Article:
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ST. LASERIAN, BY SOME CALLED MOLAISRE, BISHOP OF LEIGHLIN, IN IRELAND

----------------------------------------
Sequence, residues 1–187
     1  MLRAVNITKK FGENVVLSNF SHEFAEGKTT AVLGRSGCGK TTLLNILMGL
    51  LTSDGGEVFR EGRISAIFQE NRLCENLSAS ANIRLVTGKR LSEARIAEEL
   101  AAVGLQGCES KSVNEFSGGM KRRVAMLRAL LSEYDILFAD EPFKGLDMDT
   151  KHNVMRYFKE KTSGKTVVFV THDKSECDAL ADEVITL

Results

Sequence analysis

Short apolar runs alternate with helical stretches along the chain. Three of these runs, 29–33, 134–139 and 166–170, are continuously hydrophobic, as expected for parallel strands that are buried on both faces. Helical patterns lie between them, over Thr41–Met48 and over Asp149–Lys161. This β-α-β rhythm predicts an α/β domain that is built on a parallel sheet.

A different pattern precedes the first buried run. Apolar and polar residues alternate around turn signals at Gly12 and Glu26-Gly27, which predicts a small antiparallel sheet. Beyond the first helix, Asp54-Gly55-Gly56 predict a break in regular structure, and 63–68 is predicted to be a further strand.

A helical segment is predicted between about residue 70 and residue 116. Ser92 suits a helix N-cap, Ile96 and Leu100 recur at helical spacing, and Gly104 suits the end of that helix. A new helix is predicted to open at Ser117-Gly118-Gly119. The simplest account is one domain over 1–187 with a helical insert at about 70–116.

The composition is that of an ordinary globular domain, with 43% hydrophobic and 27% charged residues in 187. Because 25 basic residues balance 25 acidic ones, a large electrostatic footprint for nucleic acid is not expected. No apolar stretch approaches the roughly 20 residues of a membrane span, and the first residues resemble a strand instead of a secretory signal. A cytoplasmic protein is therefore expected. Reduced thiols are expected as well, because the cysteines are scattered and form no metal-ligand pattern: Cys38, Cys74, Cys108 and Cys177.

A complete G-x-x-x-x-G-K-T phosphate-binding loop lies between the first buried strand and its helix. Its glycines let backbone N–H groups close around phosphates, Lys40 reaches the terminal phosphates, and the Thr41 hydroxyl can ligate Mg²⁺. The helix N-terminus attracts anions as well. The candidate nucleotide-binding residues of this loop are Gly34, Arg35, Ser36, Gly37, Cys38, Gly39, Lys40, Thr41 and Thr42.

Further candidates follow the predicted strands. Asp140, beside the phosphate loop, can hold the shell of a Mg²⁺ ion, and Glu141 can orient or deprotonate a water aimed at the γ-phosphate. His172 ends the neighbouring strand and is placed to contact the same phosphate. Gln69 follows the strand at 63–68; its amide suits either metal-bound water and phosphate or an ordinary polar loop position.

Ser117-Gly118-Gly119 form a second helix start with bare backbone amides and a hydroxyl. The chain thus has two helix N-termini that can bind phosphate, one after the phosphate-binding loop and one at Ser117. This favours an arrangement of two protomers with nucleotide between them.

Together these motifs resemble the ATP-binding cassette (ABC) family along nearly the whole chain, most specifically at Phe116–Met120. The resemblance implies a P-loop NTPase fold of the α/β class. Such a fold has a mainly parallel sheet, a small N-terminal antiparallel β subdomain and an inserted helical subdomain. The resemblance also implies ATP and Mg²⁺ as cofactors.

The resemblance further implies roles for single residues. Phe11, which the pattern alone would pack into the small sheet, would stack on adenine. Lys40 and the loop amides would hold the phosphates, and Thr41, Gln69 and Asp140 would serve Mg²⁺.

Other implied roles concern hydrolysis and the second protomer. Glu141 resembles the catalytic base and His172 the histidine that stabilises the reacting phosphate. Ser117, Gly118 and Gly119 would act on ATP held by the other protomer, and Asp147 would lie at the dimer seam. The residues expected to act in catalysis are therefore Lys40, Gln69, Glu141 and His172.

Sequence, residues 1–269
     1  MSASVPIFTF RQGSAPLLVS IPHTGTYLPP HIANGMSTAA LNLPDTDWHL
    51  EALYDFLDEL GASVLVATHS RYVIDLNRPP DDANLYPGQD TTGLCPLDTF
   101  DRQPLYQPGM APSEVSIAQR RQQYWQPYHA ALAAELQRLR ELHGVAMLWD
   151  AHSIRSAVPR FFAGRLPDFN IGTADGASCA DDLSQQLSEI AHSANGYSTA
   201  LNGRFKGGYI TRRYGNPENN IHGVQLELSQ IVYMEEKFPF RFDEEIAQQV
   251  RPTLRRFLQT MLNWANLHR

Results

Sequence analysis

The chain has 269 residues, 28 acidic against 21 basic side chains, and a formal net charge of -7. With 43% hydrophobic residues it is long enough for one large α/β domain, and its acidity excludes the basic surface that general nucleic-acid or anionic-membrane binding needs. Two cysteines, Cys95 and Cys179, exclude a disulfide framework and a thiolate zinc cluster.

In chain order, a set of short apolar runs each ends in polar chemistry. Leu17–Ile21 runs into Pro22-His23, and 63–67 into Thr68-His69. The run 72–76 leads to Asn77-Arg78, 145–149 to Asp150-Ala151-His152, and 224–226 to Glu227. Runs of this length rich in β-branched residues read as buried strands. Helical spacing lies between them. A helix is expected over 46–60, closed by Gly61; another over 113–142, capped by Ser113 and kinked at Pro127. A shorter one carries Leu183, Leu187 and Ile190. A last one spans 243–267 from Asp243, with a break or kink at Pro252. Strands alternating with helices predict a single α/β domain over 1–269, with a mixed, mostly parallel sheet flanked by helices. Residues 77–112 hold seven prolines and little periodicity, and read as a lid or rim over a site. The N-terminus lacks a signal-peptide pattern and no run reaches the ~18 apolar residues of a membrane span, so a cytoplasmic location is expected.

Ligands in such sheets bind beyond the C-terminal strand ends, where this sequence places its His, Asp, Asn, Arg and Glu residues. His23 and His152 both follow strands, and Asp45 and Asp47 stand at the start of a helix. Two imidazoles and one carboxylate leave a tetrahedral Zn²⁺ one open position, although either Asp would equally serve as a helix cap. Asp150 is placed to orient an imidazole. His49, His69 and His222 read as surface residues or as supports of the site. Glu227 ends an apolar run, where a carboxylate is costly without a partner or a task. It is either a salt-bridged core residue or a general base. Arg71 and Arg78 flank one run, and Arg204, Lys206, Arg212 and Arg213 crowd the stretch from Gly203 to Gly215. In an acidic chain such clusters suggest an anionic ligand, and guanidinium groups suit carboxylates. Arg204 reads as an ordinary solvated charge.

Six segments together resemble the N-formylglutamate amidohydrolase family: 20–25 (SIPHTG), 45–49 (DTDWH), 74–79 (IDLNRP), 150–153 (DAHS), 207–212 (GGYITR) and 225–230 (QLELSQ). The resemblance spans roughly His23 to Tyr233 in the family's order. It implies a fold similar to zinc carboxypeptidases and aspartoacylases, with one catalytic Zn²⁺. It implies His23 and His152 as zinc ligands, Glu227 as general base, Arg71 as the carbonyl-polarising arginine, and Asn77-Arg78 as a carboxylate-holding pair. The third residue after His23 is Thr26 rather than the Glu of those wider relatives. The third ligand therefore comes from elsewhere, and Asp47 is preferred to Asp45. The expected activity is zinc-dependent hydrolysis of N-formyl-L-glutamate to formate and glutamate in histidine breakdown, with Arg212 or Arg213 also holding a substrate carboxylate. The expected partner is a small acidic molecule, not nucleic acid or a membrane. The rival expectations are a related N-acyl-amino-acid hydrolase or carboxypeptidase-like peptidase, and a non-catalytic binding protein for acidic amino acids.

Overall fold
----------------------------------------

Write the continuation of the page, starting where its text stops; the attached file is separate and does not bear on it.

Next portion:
LASERIAN was son of Cairel and Blitha, persons of great distinction, who intrusted his education, from his infancy, to the abbot St. Murin. He afterwards travelled to Rome in the days of pope Gregory the Great, by whom he is said to have been ordained priest. Soon after his return to Ireland, he visited Leighlin, a place situated a mile and a half westward of the river Barrow, where St. Goban was then abbot, who, resigning to him his abbacy, built a little cell for himself and a small number of monks. A great synod being soon after assembled there, in the White Fields, St. Laserian strenuously maintained the Catholic time of celebrating Easter against St. Munnu. This council was held in March, 630. But St. Laserian not being able to satisfy in it all his opponents, took another journey to Rome, where pope Honorius ordained him bishop, without allotting him any particular see, and made him his legate in Ireland. Nor was his commission fruitless: for, after his return, the time of observing Easter was reformed in the south parts of Ireland. St. Laserian died on the 18th of April, 638, and was buried in his own church which he had founded. In a synod held at Dublin, in 1330, the feasts of St. Patrick, St. Laserian, St. Bridget, St. Canic, and St. Edan, are enumerated among the double festivals through the province of Dublin. St. Laserian was the first bishop of Old Leighlin, now a village. New Leighlin stands on the eastern bank of the river Barrow. See Ware, p. 54, and Colgan’s MSS. on the 18th of April.










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